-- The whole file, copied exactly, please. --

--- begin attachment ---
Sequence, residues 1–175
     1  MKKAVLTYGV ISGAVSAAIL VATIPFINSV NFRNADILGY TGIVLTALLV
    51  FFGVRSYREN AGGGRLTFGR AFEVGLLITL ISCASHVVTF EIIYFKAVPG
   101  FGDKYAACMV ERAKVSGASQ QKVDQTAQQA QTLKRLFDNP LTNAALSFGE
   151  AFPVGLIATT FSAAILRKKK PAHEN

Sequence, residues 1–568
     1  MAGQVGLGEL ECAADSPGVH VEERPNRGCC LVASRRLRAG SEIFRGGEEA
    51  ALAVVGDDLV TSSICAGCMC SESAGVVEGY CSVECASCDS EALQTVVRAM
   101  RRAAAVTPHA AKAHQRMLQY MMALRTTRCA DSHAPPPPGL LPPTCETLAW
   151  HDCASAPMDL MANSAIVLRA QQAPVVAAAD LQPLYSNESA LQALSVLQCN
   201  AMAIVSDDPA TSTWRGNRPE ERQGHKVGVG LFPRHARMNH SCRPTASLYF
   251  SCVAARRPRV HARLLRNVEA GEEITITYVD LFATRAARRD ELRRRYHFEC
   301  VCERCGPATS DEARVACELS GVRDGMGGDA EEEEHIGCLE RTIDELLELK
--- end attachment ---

Sequence, residues 1–175
     1  MKKAVLTYGV ISGAVSAAIL VATIPFINSV NFRNADILGY TGIVLTALLV
    51  FFGVRSYREN AGGGRLTFGR AFEVGLLITL ISCASHVVTF EIIYFKAVPG
   101  FGDKYAACMV ERAKVSGASQ QKVDQTAQQA QTLKRLFDNP LTNAALSFGE
   151  AFPVGLIATT FSAAILRKKK PAHEN

Sequence, residues 1–568
     1  MAGQVGLGEL ECAADSPGVH VEERPNRGCC LVASRRLRAG SEIFRGGEEA
    51  ALAVVGDDLV TSSICAGCMC SESAGVVEGY CSVECASCDS EALQTVVRAM
   101  RRAAAVTPHA AKAHQRMLQY MMALRTTRCA DSHAPPPPGL LPPTCETLAW
   151  HDCASAPMDL MANSAIVLRA QQAPVVAAAD LQPLYSNESA LQALSVLQCN
   201  AMAIVSDDPA TSTWRGNRPE ERQGHKVGVG LFPRHARMNH SCRPTASLYF
   251  SCVAARRPRV HARLLRNVEA GEEITITYVD LFATRAARRD ELRRRYHFEC
   301  VCERCGPATS DEARVACELS GVRDGMGGDA EEEEHIGCLE RTIDELLELK